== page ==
May 10, 2021
So what IS SciFi? Well it's a pretty wide umbrella term and contains a lot of different things. In some senses it's just an imaginative fiction story where science replaces magic. SciFi can simply be a sciencey setting where genre stories take place (romance, adventure, nior, horror). It can be a magical fantasy space opera with a futuristic skin (Star Wars), it can be “hard SciFi” where the story is set in the future but the science is completely plausible, it can be written with strong themes that examine philosophical questions and make interesting points about the nature of humanity, and it can be so many more things too. It's a broad church!
Topics and Show Notes
Where did SciFi begin? Basically it all started in the 1920s. The “pulp” magazines were super popular. People just couldn't get enough of them. Publisher Hugo Gernsback found a niche re-publishing old speculative fiction stories ( Jules Verne, HG Wells, Mary Shelly etc), in some of his publications, and single handedly created the “Science Fiction” genre as a way to sell them. Pretty soon a new crop of writers was producing new stories specially to be a part of this genre and to go in his magazines, these were the first SciFi writers… Among them EE Doc Smith, Isaac Asimov etc. And the genre was born.
It's currently popular to say that Mary Shelly was “the first SciFi writer”, I'd counter that and say not really… It was a big step on the road but what her Frankenstein character was most influential with was monster fiction, she created the “mad scientist” subgenre that has been hugely influential in horror fiction. But when you're talking about the “first” of something the problem is that you can ALWAYS come up with earlier examples, which is why I list Gernsback in the 1920s as the true creator of the genre.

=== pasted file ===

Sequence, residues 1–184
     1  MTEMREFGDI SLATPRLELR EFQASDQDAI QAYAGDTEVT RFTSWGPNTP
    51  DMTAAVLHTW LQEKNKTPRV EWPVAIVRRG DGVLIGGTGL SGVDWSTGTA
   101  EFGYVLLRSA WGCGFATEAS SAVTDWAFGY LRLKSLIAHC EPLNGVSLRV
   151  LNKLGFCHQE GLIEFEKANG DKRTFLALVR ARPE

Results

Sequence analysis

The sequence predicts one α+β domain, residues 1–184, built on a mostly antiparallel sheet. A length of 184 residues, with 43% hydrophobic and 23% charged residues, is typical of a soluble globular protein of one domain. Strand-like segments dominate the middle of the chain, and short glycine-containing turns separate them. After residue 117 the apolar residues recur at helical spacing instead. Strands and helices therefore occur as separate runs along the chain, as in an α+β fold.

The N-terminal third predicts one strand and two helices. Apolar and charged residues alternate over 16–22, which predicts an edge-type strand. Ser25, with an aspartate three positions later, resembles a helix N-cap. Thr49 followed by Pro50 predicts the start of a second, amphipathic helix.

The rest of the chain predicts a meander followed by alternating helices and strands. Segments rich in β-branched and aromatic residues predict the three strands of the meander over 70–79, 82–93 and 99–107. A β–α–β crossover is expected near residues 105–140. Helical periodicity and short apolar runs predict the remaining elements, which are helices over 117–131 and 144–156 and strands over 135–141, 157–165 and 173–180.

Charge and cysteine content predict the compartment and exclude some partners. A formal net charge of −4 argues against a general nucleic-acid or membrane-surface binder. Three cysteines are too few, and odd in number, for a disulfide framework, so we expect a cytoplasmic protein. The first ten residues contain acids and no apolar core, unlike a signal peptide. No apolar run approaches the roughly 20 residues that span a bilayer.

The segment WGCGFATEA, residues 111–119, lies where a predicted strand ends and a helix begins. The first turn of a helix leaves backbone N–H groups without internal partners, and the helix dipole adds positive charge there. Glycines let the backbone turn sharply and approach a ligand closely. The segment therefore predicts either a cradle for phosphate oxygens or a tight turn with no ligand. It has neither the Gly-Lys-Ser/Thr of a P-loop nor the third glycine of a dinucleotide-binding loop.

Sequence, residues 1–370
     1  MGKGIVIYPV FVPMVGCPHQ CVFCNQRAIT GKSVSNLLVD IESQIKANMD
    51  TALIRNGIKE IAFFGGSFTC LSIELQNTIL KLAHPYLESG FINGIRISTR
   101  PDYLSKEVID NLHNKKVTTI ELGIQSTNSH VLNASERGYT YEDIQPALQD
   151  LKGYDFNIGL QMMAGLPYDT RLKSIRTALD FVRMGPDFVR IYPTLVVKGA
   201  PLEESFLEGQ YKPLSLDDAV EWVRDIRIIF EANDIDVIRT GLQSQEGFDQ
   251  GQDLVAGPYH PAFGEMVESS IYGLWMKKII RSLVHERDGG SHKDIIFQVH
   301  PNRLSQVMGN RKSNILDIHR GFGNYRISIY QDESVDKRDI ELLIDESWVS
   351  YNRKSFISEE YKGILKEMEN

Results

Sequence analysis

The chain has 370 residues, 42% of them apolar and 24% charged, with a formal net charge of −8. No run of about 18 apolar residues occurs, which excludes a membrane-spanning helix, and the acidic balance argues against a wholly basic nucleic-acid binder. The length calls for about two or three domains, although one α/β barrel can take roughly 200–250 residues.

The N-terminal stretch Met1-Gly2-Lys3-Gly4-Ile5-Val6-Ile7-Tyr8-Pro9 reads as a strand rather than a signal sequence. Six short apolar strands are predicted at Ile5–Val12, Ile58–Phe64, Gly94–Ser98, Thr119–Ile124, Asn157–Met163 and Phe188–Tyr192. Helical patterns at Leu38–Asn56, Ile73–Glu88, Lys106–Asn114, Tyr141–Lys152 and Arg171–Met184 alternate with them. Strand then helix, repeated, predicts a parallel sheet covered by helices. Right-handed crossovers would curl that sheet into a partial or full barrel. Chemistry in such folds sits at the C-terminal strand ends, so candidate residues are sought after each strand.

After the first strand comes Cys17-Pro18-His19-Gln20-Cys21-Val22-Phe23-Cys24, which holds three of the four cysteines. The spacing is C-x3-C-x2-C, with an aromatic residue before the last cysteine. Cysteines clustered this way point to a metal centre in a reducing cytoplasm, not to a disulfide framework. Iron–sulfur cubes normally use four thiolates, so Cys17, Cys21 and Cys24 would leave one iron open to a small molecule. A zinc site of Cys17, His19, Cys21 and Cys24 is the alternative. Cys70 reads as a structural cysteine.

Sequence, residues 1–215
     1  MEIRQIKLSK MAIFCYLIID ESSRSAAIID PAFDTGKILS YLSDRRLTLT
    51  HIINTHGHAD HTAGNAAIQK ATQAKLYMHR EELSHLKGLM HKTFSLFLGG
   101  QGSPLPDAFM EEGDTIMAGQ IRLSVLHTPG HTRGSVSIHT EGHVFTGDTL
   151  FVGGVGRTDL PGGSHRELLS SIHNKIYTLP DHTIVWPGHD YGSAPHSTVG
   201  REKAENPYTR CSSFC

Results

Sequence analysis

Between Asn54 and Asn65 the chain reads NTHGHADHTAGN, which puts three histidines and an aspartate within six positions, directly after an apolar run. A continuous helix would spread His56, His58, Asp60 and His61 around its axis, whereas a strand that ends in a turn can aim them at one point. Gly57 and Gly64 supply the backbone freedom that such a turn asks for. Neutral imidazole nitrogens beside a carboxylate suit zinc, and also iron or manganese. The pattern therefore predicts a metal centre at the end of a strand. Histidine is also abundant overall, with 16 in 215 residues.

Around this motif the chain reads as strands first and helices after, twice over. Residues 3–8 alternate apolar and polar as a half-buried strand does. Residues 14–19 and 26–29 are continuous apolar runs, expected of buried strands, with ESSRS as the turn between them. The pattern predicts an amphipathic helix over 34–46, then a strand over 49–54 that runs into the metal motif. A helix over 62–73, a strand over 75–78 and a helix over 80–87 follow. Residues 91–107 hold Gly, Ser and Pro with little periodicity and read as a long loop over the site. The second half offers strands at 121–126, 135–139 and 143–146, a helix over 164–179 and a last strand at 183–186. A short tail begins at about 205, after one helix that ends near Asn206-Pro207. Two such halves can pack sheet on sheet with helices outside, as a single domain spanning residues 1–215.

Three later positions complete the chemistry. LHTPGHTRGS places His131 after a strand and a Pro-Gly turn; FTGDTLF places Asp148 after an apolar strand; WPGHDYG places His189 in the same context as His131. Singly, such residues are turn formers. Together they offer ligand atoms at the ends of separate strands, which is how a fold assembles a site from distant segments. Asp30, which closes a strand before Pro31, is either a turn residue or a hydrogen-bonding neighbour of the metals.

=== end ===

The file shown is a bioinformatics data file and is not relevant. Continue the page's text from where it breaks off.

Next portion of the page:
For example, the stories of E. T. A. Hoffmann pre-date Mary Shelly's Frankenstein and out of them we have stories of a scientist creating a lifelike clockwork robot, becoming Operas and the famous ballet Coppélia. And if we want to go back to the earliest primordial SciFi origins what comes to my mind is many of the Greek myths: the famous Scientist Daedalus who created wearable flying wings, animated toys, the Labyrinth, even the ability for a woman to mate with a bull! Then there's Archimedes (a real person) with SciFi stories of his accomplishments like the creation of a sun-powered ray to destroy warships or a giant claw machine that plucked them out of the water… Or the stories of the ships built by the Phaeacians (in Homer's Odyssey), they're able to travel as fast as a falcon to any destination you can think of since they know all the cities of the world and can navigate automatically. SciFi has a LONG history for something that wasn't codified till the early 20th century.
This week Gunwallace has given us the theme to Starlights, Gunwallace says: “Had some time this morning. Here's a theme for Starlights. In my head I'm imagining you with your new guitar dressed in the white dandy costume playing the solo.”
My description: A dandy gent in bright white frock coat and tricorn hat festooned with giant ostrich feathers stands outlined against the stormy grey sky… He shoulders a cream coloured stratocaster, and shreds, ripping out a soaring solo against the growing winds of the coming storm -
Topics and shownotes
Kawaii's newspost on the Beauty of SciFi - https://www.theduckwebcomics.com/news/2021/may/02/the-beauty-of-science-fiction/
Cupcake War Machine - https://www.theduckwebcomics.com/news/2021/may/04/featured-comic-cupcake-war-machine/
Starlights - https://www.theduckwebcomics.com/Starlights/ - by Kawaii Triangle, rated M.
Special thanks to:
Gunwallace - http://www.virtuallycomics.com
Tantz Aerine - https://www.theduckwebcomics.com/user/Tantz_Aerine/
Pitface - https://www.theduckwebcomics.com/user/PIT_FACE/
Ozoneocean - https://www.theduckwebcomics.com/user/ozoneocean
kawaiidaigakusei - https://www.theduckwebcomics.com/user/kawaiidaigakusei/
Banes - https://www.theduckwebcomics.com/user/banes
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May 2, 2021